SOURCE: The Guardian

DATE: June 16, 2019

SNIP: Crystallisation is a transition from chaos to perfection; the evolution of the crystal industry has been less simple. Millions of years ago liquid rock inside the earth cooled and hardened, and this is how crystals formed at the twinkling centre of the earth. Piece by piece they’ve been mined to become the centre, too, of an international industry that hangs on their rumoured metaphysical healing properties. But recently something else has emerged from the rocks – a darker truth. Rather than connecting with the earth, those buying crystals are damaging it, fatally.

In three short years, crystals have risen from niche new age interest to valid hobby, firmly embedded in the mainstream consciousness. In 2017 crystals became a multibillion-dollar slice of the $4.2trn global wellness industry, with shamans using them to advise entrepreneurs on investment opportunities, and Gwyneth Paltrow selling them to encourage serenity and to “purify” water. Their investment status is compared to fine art.

But while it’s claimed crystals help people harness the energy of the earth, the more they are mined, the more that earth is suffering. Here is the dirty truth of crystals, and it’s not simply that their efficacy as healing objects is unproven. It’s that, as Emily Atkin at The New Republic reported last year, their origins are murky, and their environmental impact worrying. Much like diamonds, crystal mining is an industry buried in conflict. There are issues around sustainability: crystals are a non-renewable resource. There are issues around labour: most jobs are low paid, unsafe, and sometimes performed by underage workers. And there is an issue around accountability: the industry is unregulated, allowing exploitation to go unchecked.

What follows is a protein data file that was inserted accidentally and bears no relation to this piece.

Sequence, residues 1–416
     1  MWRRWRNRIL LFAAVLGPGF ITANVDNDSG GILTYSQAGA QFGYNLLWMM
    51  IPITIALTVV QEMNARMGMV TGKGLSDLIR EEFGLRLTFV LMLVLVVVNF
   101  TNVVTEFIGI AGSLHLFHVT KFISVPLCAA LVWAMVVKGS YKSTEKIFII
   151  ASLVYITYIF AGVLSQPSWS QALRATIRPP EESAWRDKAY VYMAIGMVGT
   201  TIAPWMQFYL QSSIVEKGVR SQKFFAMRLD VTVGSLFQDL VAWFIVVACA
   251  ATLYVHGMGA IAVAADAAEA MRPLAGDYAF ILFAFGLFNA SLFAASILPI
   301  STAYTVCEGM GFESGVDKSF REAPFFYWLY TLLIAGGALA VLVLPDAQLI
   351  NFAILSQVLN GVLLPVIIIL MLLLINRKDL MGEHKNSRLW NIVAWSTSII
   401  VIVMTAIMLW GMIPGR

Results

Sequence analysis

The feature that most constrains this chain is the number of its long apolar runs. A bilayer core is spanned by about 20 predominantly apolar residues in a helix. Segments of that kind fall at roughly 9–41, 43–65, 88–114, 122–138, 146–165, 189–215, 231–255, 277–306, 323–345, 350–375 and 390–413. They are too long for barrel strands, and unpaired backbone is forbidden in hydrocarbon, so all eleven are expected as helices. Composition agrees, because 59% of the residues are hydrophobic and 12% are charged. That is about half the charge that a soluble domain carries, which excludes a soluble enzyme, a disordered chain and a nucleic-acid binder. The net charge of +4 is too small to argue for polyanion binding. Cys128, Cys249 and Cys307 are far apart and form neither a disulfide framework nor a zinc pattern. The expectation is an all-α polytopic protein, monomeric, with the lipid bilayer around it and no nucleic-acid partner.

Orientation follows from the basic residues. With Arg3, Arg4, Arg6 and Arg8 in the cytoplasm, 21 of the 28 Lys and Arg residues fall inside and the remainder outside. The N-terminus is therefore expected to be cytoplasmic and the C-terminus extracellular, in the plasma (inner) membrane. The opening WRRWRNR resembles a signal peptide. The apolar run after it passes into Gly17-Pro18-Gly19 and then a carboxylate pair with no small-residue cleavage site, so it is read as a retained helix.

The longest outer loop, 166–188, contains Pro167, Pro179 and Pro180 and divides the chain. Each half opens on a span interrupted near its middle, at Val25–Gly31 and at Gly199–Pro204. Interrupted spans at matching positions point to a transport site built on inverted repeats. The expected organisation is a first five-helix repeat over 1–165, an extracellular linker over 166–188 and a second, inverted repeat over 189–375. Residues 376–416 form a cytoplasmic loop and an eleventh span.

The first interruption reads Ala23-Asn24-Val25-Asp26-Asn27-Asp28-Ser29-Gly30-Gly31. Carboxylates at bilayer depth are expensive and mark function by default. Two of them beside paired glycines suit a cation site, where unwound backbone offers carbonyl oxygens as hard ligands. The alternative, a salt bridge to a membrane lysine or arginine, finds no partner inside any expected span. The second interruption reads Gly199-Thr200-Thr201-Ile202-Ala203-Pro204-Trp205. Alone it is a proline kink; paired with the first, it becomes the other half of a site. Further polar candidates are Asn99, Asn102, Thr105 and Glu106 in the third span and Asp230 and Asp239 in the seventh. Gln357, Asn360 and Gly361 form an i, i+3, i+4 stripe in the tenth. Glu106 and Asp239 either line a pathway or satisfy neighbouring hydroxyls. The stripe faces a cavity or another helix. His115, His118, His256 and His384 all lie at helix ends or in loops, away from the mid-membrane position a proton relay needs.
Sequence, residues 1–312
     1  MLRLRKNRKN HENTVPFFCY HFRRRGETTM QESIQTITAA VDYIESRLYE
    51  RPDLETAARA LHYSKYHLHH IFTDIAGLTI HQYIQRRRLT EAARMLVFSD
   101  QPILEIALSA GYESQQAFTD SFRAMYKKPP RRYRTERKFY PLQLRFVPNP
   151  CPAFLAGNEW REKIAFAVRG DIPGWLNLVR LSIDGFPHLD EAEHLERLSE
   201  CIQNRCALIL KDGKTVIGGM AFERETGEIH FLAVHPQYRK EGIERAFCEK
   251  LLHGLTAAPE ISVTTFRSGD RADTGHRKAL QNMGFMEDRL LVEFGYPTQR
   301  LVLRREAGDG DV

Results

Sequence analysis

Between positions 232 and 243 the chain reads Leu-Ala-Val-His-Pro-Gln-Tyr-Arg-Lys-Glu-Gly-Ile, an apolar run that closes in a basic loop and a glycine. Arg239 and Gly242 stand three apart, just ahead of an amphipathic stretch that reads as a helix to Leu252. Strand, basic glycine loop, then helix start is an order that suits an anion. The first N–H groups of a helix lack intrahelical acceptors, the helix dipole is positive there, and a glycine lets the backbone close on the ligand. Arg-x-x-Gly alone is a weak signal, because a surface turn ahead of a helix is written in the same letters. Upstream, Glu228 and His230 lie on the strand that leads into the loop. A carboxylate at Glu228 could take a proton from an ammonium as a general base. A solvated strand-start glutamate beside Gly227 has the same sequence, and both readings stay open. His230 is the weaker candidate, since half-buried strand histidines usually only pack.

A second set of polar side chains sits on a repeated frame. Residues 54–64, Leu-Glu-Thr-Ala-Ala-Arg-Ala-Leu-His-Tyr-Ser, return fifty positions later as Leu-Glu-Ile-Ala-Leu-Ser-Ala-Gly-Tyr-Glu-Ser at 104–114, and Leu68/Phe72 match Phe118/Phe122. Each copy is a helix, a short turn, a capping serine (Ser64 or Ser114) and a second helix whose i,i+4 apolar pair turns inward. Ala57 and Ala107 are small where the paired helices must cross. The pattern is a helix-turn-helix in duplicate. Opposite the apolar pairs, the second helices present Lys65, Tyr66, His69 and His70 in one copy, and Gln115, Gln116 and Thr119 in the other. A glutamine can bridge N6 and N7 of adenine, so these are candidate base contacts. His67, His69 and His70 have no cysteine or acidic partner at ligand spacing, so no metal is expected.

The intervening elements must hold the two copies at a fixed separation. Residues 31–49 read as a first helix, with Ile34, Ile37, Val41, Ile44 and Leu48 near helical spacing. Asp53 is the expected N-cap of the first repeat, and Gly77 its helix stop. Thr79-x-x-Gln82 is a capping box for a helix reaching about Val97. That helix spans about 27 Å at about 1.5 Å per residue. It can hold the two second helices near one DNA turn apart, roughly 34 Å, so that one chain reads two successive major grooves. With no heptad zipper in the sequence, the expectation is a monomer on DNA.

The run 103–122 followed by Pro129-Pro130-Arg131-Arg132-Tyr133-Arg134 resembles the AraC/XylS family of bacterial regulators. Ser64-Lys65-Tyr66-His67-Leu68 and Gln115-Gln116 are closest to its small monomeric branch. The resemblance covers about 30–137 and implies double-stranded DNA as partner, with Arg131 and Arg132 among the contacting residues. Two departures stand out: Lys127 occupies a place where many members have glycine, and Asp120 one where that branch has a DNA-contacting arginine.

“Mining has an environmental impact, whether it’s for ‘healing crystals’, the copper in your phone, or the gold in your ring,” explains Payal Sampat of nonprofit organisation Earthworks. The quote marks are her own. “‘Healing crystals’ are mined in places like Myanmar and the Democratic Republic of Congo where mineral extraction is linked to severe human-rights violations and environmental harm.” In the DRC, seven-year-old children work in the cobalt and copper mines, where covetable “healing” stones such as citrine and smoky quartz abound. International NGO Global Witness found that the Taliban earns up to $20m a year from Afghanistan’s lapis mines, lapis lazuli being, as crystal websites explain, one of the best stones for activating psychic abilities. “As with most minerals,” adds Sampat, “it is impossible to know for sure if your crystal was obtained via an environmental and human rights horror show.”

The truth is, many retailers have no idea where their crystals come from. Many, like tourmaline, amethyst, quartz and citrine (used to “manifest abundance and prosperity”) are found in gold, copper or cobalt mines, but even publicly traded industrial mines aren’t required to disclose profits from byproducts.